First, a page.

The publication detail shows the title, authors (with indicators showing other profiled authors), information on the publishing organization, abstract and a link to the article in PubMed. This abstract is what is used to create the fingerprint of the publication. If any grants are referenced by the publication, they will be listed here as well.
Shr is a broad-spectrum surface receptor that contributes to adherence and virulence in group A streptococcus.
Morly Fisher; Ya-Shu Huang; Xueru Li; Kevin S McIver; Chadia Toukoki; Zehava Eichenbaum (Profiled Author: Kevin S. McIver)
Department of Infectious Diseases, Israel Institute for Biological Research, P.O. Box 19, Ness-Ziona 74100, Israel.
Infection and immunity 2008;76(11):5006-15.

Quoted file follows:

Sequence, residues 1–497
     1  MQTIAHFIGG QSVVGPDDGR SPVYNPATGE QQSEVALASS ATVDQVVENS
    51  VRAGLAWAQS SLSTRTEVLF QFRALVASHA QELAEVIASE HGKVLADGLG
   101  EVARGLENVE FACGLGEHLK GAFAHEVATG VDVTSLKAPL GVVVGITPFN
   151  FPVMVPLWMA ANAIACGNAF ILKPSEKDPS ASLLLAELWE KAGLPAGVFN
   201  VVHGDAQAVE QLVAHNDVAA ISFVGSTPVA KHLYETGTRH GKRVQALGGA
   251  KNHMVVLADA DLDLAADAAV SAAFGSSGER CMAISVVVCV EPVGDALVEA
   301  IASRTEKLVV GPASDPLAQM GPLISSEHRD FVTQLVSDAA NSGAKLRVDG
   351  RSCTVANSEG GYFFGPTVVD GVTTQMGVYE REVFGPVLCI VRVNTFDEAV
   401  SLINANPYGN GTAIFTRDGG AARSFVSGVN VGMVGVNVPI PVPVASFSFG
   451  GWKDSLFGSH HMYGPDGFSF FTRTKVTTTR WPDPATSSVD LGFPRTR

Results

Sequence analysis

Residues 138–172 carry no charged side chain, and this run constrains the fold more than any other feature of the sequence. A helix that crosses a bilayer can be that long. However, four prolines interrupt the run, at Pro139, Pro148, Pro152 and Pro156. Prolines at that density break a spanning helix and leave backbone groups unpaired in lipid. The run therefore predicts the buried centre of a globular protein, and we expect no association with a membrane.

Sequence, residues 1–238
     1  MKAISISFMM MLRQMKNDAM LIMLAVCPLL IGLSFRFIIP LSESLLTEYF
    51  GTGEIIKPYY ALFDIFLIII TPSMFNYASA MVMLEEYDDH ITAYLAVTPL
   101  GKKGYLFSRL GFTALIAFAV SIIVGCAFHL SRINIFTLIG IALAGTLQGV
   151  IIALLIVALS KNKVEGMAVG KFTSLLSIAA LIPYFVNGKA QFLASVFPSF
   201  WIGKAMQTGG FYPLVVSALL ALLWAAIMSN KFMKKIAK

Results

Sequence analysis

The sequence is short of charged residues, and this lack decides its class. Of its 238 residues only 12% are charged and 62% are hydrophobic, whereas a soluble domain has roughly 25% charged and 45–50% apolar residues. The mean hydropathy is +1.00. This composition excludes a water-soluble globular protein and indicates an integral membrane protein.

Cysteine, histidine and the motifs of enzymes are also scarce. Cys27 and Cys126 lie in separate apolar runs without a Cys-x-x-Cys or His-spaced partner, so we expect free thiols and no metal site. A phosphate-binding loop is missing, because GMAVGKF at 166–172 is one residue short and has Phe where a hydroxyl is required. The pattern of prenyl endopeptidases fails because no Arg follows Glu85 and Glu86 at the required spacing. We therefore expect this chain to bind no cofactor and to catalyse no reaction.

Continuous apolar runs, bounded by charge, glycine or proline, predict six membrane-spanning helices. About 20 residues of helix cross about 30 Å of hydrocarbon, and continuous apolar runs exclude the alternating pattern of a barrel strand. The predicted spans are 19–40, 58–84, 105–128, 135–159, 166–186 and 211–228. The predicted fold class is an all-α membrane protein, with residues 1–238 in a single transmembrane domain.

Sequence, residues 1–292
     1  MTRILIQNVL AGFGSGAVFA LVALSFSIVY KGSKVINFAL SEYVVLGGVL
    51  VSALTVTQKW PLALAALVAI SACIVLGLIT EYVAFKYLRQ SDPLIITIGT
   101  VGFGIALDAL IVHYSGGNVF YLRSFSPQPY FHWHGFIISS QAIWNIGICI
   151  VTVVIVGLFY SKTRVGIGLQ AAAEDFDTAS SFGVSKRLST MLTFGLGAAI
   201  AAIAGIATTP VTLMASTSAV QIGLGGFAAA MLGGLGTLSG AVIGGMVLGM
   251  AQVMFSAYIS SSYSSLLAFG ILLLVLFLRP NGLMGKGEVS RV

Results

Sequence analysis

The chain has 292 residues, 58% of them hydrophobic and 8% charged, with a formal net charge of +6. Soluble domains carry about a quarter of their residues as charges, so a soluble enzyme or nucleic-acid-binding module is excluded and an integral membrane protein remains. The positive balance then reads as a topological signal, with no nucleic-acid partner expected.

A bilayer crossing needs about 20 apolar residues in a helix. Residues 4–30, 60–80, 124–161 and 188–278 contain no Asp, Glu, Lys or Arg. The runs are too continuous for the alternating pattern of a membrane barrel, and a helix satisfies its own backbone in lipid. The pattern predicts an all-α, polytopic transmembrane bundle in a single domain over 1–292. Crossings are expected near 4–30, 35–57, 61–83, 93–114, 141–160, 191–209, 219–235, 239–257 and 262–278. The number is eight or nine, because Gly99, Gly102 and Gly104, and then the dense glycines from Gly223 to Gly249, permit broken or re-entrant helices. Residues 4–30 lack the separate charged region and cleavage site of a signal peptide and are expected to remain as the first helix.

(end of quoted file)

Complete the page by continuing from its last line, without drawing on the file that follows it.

Group A streptococcus (GAS) is a common hemolytic pathogen that produces a range of suppurative infections and autoimmune sequelae in humans. Shr is an exported protein in GAS, which binds in vitro to hemoglobin, myoglobin, and the hemoglobin-haptoglobin complex. We previously reported that Shr is found in association with whole GAS cells and in culture supernatant. Here, we demonstrate that cell-associated Shr could not be released from the bacteria by the muralytic enzyme mutanolysin and was instead localized to the membrane. Shr was available, however, on the exterior of GAS, exposed to the extracellular environment. In vitro binding and competition assays demonstrated that in addition to hemoprotein binding, purified Shr specifically interacts with immobilized fibronectin and laminin. The absence of typical fibronectin-binding motifs indicates that a new protein pattern is involved in the binding of Shr to the extracellular matrix. Recombinant Lactococcus lactis cells expressing Shr on the bacterial surface gained the ability to bind to immobilized fibronectin, suggesting that Shr can function as an adhesin. The inactivation of shr resulted in a 40% reduction in the attachment to human epithelial cells in comparison to the parent strain. GAS infection elicited a high titer of Shr antibodies in sera from convalescent mice, demonstrating that Shr is expressed in vivo. The shr mutant was attenuated for virulence in an intramuscular zebrafish model system. In summary, this study identifies Shr as being a new microbial surface component recognizing adhesive matrix molecules in GAS that mediates attachment to epithelial cells and contributes to the infection process.
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